Photo: Gen Z youth protesting unfair tax hikes. Source: Global Information Network - Photo: 2024

Gen Z Takes Over the Streets in Kenya, Blocking Unpopular Finance Bill

By Lisa Vives, Global Information Network

NEW YORK | 1 July 2024 (IDN) — In a move that surprised observers, Kenya’s President William Ruto has agreed to scrap a highly controversial finance bill that sparked two days of police violence against mostly young protesters demonstrating against unaffordable tax increases.

Ruto said he would seek new austerity measures, including in his own office, to make up for the public’s rejection of the finance bill meant to raise $1.55 billion in taxes.

But out in the street, police assaulted, arrested and opened fire on demonstrators, a move that Ruto and other members of the government at first defended as necessary to protect public infrastructure, but which was widely criticized by Western governments and rights groups.

Twenty-three people died in the police shootings and more than 200 were injured.

The chaotic events in one of Africa’s major economies, also a key U.S. ally, have led to questions about the debt choking many developing countries, and who is to blame.

Kenya owes billions of dollars to Western countries and the IMF as well as China, to which it owes $5.7 billion.

“The key culprit is the lack of a well-functioning global financial safety net,” said Kevin P. Gallagher, director of Boston University’s Global Development Policy Center.

Sharp rises in basic goods, especially food and fuel, often serve as a trigger for protest and social unrest. Yet like elsewhere, rising prices—and prospects of even higher costs – are only part of the story in Kenya.

The proposed taxes would have affected every segment of society but especially students, the unemployed, poor and working-class people. The bill proposed taxing everything from income and fuel to essential items like eggs, sanitary napkins and disposable diapers.

The proposed tax increases were also set to increase healthcare costs. Digital content creators would also have been affected.

Second, the government justified the tax as a way to pay down the national debt. Kenya owes $80 billion in domestic and foreign debt. Its debt stands at 68 percent of GDP, well above the World Bank and IMF’s recommended maximum of 55 percent.

Yet, for many Kenyans, the deficit hinges not on taxation, but on rampant corruption at every level of government, financial mismanagement and lavish consumption among political elites.

This includes a growing frustration at Ruto’s spending habits—such as hiring private jets for global trips, an eight-course dinner for King Charles III and a love of expensive watches and other designer goods.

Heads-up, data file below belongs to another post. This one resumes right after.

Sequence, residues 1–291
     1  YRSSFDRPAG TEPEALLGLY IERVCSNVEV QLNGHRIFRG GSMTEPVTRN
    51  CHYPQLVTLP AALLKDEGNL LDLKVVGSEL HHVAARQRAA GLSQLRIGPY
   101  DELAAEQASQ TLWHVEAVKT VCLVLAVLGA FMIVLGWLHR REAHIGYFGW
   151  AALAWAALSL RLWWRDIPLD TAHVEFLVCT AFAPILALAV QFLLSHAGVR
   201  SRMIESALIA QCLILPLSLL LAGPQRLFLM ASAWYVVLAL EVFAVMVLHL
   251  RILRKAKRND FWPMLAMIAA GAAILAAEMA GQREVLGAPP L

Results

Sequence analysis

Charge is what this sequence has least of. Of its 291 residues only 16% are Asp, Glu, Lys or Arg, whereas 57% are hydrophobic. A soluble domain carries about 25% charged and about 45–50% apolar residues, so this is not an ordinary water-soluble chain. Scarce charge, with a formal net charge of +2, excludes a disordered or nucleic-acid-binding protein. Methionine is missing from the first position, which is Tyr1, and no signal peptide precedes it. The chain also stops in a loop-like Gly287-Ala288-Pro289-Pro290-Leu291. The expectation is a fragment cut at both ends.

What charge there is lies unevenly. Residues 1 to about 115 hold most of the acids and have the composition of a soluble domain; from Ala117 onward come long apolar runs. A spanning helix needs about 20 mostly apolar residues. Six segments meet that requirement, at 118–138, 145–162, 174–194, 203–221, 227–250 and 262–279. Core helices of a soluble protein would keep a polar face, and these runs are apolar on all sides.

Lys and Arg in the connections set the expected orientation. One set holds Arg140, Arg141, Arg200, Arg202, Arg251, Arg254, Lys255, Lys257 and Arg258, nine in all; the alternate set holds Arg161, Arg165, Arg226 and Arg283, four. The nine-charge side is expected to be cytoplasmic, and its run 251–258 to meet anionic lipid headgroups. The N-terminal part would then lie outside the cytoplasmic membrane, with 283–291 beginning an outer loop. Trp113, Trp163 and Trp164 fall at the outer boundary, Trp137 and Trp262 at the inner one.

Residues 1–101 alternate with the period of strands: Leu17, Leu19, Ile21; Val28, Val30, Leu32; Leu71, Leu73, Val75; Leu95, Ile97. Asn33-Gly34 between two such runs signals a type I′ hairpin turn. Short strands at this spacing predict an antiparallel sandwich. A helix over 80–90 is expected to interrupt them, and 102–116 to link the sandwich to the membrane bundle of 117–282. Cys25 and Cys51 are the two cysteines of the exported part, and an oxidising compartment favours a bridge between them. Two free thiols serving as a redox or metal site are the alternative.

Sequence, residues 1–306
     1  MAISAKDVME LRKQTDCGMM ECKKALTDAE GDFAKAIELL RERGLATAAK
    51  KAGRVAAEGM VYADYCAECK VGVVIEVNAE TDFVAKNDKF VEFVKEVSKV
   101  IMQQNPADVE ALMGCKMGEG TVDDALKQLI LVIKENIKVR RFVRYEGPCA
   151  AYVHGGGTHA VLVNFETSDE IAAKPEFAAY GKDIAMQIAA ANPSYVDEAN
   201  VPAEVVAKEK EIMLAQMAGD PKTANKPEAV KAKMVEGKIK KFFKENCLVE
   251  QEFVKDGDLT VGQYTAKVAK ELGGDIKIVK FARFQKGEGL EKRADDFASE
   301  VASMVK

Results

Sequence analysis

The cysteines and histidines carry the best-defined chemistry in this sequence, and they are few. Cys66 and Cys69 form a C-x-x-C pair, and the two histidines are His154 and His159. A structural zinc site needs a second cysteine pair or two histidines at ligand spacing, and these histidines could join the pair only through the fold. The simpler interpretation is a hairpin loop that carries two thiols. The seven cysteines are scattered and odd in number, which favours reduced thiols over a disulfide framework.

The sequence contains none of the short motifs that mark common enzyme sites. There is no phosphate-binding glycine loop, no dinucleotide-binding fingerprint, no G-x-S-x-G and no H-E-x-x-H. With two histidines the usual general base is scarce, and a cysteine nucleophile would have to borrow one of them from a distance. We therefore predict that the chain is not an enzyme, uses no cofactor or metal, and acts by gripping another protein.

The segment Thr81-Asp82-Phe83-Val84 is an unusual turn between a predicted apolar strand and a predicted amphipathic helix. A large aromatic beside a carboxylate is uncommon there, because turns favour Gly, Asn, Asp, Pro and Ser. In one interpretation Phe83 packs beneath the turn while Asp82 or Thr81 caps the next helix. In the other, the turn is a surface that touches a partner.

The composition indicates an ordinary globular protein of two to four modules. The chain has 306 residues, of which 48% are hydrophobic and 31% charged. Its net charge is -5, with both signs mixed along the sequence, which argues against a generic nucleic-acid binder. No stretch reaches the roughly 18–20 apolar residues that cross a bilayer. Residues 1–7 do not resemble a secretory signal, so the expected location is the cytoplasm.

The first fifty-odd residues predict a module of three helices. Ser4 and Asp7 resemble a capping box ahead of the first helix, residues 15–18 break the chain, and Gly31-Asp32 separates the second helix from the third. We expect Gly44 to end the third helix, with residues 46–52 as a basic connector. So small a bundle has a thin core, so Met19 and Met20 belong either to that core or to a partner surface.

Third, many Kenyans felt that the finance bill showed an inability or refusal by political elites to recognize the grinding poverty and everyday struggle that many experience.

“It’s like (politicians) aren’t feeling our pain,” one woman told the New York Times.

The protests signaled to the government and international lenders that there is little hope for raising revenue through taxes that place a higher burden on low-income rather than high-income earners.

In addition, the finance bill felt like betrayal for the people who voted for Ruto in the 2022 elections based on his appeals to the poor as well as promises of progressive taxation.

Fourth, protesters were also motivated by the government’s brutal attempt to repress the uprising. The resolve of many protesters deepened as the police and military became more violent – reportedly shooting live bullets and tear gas into crowds.

These frustrations are coupled with enduring and profound economic inequality. To this day, just a few Kenyan families own a vast share of the country’s farm land. In 2022, the richest 10% of Kenyans owned 48.5% of the nation’s wealth.

Norbert Mwalo, a young protestor, had this to say about the uprising: “We currently have a president who is not a president. This president, William Samoei Ruto, follows the orders of the constitution.

“The constitution is fine, but the government should be of the people, by the people, for the people,” he said. “Now, we will change Kenya to be governed by the youth, for the youth, and by the youth.” [IDN-InDepthNews]

Photo: Gen Z youth protesting unfair tax hikes. Source: Global Information Network

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